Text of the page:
Dozens of people are expected to join a 1,000 km peace march in northern Kenya to highlight problems, such as terror attacks, which blight the area.
According to activists, one of the most pressing issues is the impossibility of youths in the North Eastern Province (NEP), mainly inhabited by Kenyan-Somalis, being able to continue their studies after an estimated 2,000 teachers have fled the area fearing for their lives following deadly attacks by Somalia-based terror group Al-Shabaab.
As a result, dozens of schools have closed down and only students from wealthy families are able to continue their education after moving to other areas.
"There have been several terror attacks in northeastern Kenya near the border with Somalia," Abdullahi M Abdi, chief executive of Womankind Kenya -- a leading NGO aimed at solving problems affecting local communities in NEP -- told IBTimes UK.
"These attacks have created lots of fear among civil servants and teachers, many of whom come from other regions of Kenya."
Abdi explained that two major attacks in the past six months had a negative affect on teachers, who refused to go back to NEP.
The first occurred in November 2014 in Mandera, capital of Mandera County, where Shabaab terrorists hijacked a bus and killed 28 people, 17 of whom were teachers who were travelling home for Christmas.
"There was a shutdown in the education system in Mandera and the same occurred in Garissa [capital of Garissa county], after the militants attacked a university college killing 148 people in April 2015," Abdi said.
Who are the al-Shabaab militants?
Al-Shabaab, which means "The Youth", is a Somali terror group affiliated with al-Qaeda.
An off-shoot of the Islamic Courts Union – a rival administration to the Transitional Federal Government in Somalia – al-Shabaab aims to overthrow the Somali government and impose its own version of Islam in the country.
It controlled Mogadishu and the southern region of Somalia from 2006 until 2011, when it was defeated by African Union peacekeepers.
"Teachers are not comfortable with what is happening in the region. Approximately up to 2,000 have left because of terror attacks fear. But we fear the figure is bigger."
Abdi added that the government is currently working to see how it can employ so-called "contract teachers", former teachers now retired.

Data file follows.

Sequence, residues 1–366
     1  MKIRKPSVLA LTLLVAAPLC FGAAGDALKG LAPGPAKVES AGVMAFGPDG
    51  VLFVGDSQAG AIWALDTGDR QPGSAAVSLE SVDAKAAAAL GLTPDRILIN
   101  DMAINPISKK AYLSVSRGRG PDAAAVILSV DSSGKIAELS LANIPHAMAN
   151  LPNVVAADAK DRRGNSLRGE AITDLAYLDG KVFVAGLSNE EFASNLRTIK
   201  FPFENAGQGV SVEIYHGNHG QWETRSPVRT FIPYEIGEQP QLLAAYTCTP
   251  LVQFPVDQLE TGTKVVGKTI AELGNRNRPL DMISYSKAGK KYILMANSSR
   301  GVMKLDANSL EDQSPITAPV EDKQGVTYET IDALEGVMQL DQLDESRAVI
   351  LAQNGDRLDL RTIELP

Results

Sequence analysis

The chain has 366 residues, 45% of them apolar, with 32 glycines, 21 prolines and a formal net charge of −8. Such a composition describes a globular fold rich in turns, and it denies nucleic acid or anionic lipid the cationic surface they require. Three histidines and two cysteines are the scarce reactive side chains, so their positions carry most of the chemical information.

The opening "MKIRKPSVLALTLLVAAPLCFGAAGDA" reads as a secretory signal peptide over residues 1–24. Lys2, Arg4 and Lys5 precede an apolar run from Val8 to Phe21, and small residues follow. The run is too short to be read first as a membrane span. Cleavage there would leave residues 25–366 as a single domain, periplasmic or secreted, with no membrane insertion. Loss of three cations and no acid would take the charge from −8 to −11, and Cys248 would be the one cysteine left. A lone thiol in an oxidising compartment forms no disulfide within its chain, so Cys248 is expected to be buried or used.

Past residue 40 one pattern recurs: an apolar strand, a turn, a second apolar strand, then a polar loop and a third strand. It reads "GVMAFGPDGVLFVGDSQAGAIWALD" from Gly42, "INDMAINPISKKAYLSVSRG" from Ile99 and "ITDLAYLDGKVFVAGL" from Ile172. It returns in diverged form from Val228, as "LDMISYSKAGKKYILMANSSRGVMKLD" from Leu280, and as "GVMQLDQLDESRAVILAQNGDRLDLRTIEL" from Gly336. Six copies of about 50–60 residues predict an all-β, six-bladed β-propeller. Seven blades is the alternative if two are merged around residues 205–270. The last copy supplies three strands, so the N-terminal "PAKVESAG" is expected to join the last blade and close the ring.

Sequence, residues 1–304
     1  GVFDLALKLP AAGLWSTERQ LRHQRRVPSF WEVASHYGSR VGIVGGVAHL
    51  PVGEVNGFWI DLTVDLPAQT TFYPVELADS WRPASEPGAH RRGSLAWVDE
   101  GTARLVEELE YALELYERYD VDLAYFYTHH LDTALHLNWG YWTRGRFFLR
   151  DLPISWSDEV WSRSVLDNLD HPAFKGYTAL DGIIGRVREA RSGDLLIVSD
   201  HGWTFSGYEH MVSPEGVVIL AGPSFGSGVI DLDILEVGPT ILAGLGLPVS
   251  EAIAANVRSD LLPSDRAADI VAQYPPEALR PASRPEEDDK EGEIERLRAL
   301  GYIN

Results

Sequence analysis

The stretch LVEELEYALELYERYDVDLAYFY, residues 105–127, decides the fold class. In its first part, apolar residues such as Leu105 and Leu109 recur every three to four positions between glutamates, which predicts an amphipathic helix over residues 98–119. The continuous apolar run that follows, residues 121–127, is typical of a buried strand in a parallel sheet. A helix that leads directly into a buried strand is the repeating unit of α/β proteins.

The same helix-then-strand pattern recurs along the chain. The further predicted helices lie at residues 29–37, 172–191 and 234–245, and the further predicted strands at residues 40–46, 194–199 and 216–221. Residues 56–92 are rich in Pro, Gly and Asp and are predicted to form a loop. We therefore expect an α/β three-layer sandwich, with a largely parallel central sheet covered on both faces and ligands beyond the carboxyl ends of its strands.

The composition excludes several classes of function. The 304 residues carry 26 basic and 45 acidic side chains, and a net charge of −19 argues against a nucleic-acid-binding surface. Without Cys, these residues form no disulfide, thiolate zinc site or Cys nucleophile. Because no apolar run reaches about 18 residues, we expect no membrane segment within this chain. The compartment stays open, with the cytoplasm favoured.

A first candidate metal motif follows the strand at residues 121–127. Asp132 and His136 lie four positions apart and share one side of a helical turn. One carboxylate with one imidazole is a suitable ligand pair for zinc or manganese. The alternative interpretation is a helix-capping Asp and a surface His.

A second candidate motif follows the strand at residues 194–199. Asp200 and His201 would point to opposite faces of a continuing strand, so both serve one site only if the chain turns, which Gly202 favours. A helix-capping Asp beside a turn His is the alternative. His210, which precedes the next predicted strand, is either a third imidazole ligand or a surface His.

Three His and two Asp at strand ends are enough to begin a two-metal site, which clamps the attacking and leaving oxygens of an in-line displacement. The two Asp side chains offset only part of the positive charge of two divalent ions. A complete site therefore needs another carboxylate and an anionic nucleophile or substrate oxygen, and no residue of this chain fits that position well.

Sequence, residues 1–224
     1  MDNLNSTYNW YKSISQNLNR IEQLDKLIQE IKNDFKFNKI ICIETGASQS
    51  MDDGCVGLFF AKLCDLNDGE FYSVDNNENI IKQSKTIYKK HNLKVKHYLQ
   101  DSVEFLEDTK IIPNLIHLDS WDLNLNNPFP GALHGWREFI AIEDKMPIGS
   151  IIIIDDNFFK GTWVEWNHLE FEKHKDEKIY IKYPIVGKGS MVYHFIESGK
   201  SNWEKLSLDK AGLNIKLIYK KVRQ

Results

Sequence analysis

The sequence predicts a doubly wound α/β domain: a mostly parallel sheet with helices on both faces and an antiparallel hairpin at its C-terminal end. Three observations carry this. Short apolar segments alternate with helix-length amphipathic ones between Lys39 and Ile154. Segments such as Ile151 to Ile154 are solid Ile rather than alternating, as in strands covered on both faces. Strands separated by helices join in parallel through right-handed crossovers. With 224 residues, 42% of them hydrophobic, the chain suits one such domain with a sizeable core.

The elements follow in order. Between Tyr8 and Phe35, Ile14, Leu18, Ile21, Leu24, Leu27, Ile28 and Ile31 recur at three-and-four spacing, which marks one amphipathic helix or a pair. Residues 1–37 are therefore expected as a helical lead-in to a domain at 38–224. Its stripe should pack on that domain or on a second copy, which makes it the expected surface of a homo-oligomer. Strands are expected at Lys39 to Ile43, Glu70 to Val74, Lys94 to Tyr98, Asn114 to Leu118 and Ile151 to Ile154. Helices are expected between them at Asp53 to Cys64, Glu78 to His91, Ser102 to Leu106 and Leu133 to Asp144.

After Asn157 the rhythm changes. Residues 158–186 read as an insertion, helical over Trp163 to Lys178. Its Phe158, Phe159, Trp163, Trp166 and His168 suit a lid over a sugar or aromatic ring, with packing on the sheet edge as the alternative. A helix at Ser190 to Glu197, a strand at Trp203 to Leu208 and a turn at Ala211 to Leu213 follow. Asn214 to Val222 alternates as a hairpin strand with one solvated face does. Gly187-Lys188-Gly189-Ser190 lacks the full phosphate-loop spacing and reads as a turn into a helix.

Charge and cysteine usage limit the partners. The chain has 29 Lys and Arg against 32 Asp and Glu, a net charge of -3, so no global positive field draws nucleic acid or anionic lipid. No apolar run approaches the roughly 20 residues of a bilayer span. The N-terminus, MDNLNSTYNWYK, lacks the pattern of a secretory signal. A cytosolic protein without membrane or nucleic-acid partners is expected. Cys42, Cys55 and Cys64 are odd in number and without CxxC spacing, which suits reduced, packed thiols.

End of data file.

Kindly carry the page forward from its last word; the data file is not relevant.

"But this is taking too long. At a local level, the county governments of Wajir, Garissa and Mandera vowed to allocate a certain amount of money to resolve both short and long-term problems. But until today, these are just promises, not tangible solutions."
Noordin Badel, one of the organisers of the walk, told IBTimes UK: "The walk is about trying to highlight the problems in northern Kenya and allow people to speak for themselves.
"Starting from Garissa bridge, we will be also visiting villages -- some of which are 50 km away from the road -- that is way is going to be a 1,000 km walk. We are expecting a lot of people to participate, especially from Garissa. Such a long walk will make people understand our desperate situation."
Abdirahman Tarar, a youth who aspires to become the next Garissa township MP and who is going to take part in the march, told IBTimes UK: " We intend to restore hope [for] the people and [show] that we are able to help ourselves despite the government neglect.
"We face double problems both from the terrorist and the government. Despite all these challenges, we don't feel lesser Kenyans."
Adan Sheikh, Garrisa County Director of Education and an official of the Ministry of Education, added: "It's true, many teachers left the region because of security reasons and many schools are now closed.
"The Ministry of Education is aware of the issue, a lot of teachers from other regions could be employed, but the problem is that our new Constitution  says that untrained teachers are not qualified. At the moment there is nothing that can be done, we don't have enough local teachers," he continued.
"We don't know what to do. The government is addressing the issue but talks and consultations are still ongoing."
Northern Kenya neglect 'contributes to radicalisation'
Abdi explained that people in northern Kenya feel neglected by the central government.
"The region has been marginalised since the independence  and has been left without investments. There are no facilities and people sometimes need to walk some 200 km to access the nearest hospital," he said.
"Only 30% of our children go to school, only 40 or 50,000 of our children are immunised. NEP has the least enrolment rate in schools and one of the [poorest] performances in national exams. The region is facing a nightmare."
He explained that issues such as police brutality, lack of education and the widespread feeling among youths that they lack opportunities, prompt young people to join extremist groups.
"Nobody is talking about these problems, about lack of opportunities. There are schools with 1,500 students and no teachers. Anybody can take advantage at any time, these are young minds that can be easily changed. This is why the government has to show the right attention."
In a previous report linking police brutality in northern Kenya to the increasing number of people joining al-Shabaab, IBTimes UK contacted the Office of the President and the police in Kenya. Both declined to comment.
When asked to comment on police brutality, Garissa county commissioner James Kianda was quoted by local newspapers as saying: "This is not how we want to fight terrorism."